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Another entry from the Clueless Dept.

Someone else who needs to buy a clue. I normally don’t have a problem with John Dvorak, and frequently I actually like his stuff. He’s not as clueless as some people make him out to be. Dvorak’s not as smart as he thinks he is, but one thing I’ve noticed about his critics is that they usually aren’t as smart as they think they are either.
Dvorak’s most recent Modest Proposal is that we fire all the technology ignorami out there and then, essentially, throw away corporate standards, let end-users run anything they bloody well want, and basically make them administrators of their own machines.

I’ve got a real problem with that. Case point: One of my employer’s executives recently brought in his home PC and insisted we get it running with remote access. Only one problem with that: He has Windows XP Home. XP Home’s networking is deliberately crippled, so businesses don’t try to save money by buying it. A sleazy move, but a reality we have to live with. We got it to work somewhat, but not to his satisfaction. He’s mad, but mostly because he doesn’t have any idea what changes went on under the hood in XP and doesn’t know he’s asking the impossible. But he’s perfectly competent using Word, Excel, PowerPoint and Outlook. He’s also very comfortable ripping his CDs to MP3 format–he’s got one of the largest MP3 collections in the company. He’s competent technologically. But he has no business with admin rights on his computer.

The same goes for a lot of our users. The record I’ve found for the most spyware-related files installed on a work PC is 87. These aren’t the technical ignorami who are installing this garbage. It’s the people who know how to use their stuff, but they love shareware and freeware. Maybe some of it helps them get their work done. But these people are the first to complain when their system crashes inexplicably. And I’m expected to keep not only the corporate standard apps like M$ Office running, but I’m also expected to support RealPlayer, Webshots, Go!Zilla, Gator, WinAmp, RealJukebox, AOL, and other programs that run ripshod all over the system and frequently break one another (or the apps I’m supposed to support).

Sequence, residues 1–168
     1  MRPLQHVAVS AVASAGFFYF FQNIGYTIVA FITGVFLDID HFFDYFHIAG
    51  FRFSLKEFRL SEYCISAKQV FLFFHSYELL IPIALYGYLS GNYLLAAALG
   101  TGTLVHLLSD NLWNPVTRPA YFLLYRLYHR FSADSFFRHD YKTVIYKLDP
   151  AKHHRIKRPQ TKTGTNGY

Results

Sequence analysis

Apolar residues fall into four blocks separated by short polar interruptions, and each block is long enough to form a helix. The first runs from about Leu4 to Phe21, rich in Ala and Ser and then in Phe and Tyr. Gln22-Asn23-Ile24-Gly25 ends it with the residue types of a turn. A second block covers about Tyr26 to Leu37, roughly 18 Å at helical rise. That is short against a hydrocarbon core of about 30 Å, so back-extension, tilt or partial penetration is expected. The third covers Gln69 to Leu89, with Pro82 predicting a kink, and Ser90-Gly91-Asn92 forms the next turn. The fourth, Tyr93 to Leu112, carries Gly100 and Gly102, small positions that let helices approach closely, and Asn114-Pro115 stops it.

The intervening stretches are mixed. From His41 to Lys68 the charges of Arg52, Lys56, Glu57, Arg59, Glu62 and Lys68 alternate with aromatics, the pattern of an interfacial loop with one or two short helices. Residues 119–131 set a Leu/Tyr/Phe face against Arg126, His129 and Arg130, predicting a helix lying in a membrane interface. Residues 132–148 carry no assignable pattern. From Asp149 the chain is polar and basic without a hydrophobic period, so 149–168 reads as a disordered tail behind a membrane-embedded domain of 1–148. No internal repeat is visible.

If the users were completely responsible for keeping their systems running, that would be one thing. But install all that stuff on one computer and try to keep it running. You won’t have enough time to do your job.

Dvorak argues that people like me should solely be concerned with keeping the network working. That’s fine, but what about when some Luddite decides to ditch all modern apps and bring in an IBM PS/2 running DOS 5.0 and compatible versions of Lotus 1-2-3 and WordPerfect and dBASE? Unless there’s already an Ethernet card in that machine, I won’t be able to network it. And the person who decides a Macintosh SE/30 running System 6.0.8 is where it’s at will have a very difficult time getting on the network and won’t be able to exchange data with anyone else either.

Those scenarios are a bit ridiculous, but I’ve had users who would have done that if they could have. And someone wanting to run XP Home absolutely is not ridiculous, nor uncommon. If my job is to network every known operating system and make those users able to work together in this anarchy, my job has just become impossible.

As much as I would love for people to use Linux in my workplace and something other than Word and Outlook, the anarchy Dvorak is proposing is completely unworkable. It’s many orders of magnitude worse than the current situation.

This is just wrong too. Yes, New Englanders, I know about heartbreak. I’m from Kansas City. At least your Red Sox have posted more than one winning record in the past 10 years.

Anyway, not only are the Royals’ glory years over, they’ve forgotten where their glory years came from. They’ve once again denied Mark Gubicza entry into their Hall of Fame. Who? In the late 1980s, Mark Gubicza was the Royals’ second-best pitcher, behind Bret Saberhagen. Injuries did him in the same as Saberhagen (only a little sooner) but he’s still among their career leaders in wins and strikeouts.

And after spending 13 seasons in a Royals’ uniform, the Royals had a chance to trade Gubicza for hard-hitting DH Chili Davis. But you don’t trade a guy who’s poured his heart and soul into the team for 13 years and stayed completely and totally loyal to it no matter how much it hurt, right? Gubicza said yes. Gubicza went to the GM and told him that if he could make the Royals a better team by trading him, to trade him.